Take the pastry out of the freezer the night before and put it in the fridge to defrost overnight.
Preheat the oven to 180°C/gas mark 4. Line a baking tray with non-stick baking paper.
To make the chestnut cashew stuffing, peel and thinly slice the onions. Chop any rough gnarly bits off the carrots and parsnips and grate them. There’s no need to peel the veg, as there’s a lot of goodness in the skin.
If your cashew nuts are not roasted, then put them in a small dry pan set on a high heat and toast them for 5 to 8 minutes, stirring occasionally, till they start to go golden, making sure they don’t burn. Set aside to cool.
Put 2 tablespoons of the oil in a large frying pan or pot set on a medium heat. Add the onions and sauté for 5 minutes, stirring regularly, until they start to go translucent. Add the grated carrots and parsnips and sweat for 5 more minutes, stirring regularly. Remove the pot from the heat.
Meanwhile, crush two-thirds of your roasted cashew nuts by putting them in a food processor and pulsing until they are finely chopped. If you don’t have a food processor, you can crush them by wrapping them in a clean tea towel and bashing them with a small pan or rolling pin until they get all mashed up and fine.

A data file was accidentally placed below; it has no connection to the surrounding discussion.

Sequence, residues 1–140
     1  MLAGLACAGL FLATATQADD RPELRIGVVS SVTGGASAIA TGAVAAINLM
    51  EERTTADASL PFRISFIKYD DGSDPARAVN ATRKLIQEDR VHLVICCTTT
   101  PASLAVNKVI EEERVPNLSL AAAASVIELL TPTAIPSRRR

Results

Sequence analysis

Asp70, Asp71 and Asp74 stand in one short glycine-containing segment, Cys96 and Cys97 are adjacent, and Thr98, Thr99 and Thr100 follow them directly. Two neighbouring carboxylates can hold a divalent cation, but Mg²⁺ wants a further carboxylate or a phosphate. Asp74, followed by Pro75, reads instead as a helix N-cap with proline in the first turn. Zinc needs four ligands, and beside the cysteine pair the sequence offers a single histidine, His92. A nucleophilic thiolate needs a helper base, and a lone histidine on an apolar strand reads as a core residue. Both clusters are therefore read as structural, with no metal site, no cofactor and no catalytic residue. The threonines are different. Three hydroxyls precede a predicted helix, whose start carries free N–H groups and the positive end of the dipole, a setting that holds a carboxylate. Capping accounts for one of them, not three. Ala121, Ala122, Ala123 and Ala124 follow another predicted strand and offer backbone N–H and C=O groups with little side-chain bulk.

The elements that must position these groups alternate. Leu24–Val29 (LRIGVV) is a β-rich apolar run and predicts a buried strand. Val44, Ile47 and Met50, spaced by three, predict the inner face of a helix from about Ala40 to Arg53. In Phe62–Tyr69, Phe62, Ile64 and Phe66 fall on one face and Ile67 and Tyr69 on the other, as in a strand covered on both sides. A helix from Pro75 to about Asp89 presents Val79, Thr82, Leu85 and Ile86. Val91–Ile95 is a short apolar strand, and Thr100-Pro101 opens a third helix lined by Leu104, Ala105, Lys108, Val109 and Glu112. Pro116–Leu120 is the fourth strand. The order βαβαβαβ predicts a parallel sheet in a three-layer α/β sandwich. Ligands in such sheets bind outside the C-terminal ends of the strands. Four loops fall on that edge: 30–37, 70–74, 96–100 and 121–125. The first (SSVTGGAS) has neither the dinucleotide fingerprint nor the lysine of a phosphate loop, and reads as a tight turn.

Finely chop the cooked chestnuts and combine with the sage and rosemary. Add to the pan along with the soy sauce or tamari, salt, pepper and cayenne. Add the remaining one-third of the unbroken cashew nuts together with the broken-up pieces and mix well. Taste the stuffing and season if you think it needs any more salt or pepper.
Add the cooked couscous and lemon juice to the stuffing and put the pan back on the heat. Cook through for a couple more minutes, stirring well, until everything is warm and well mixed.
To assemble the Wellington, lightly brush one sheet of pastry with the remaining 2 tablespoons of oil on the top side and put on the lined baking tray.
Put the cashew chestnut filling into the centre third of the pastry, leaving a third of the pasty clear on either side and also leaving a little space on each end so that you can properly seal your Wellington. Form the filling into a smooth mound.
Place the other sheet of pastry on top of the mound. Bring the pastry around the filling from both sides so that it covers the filling completely from both ends and brush a little oil on top. Trim any excess pastry from the edges. You can use any leftover pastry to make Christmas-themed shapes. Brush the entire outer layer of the pastry with oil to seal.
Bake in the oven for 25 to 30 minutes, until the pastry starts to turn golden brown and the kitchen smells fab! Garnish with fresh sage and redcurrants. Serve with gravy and cranberry sauce on the side for a magical Christmas meal.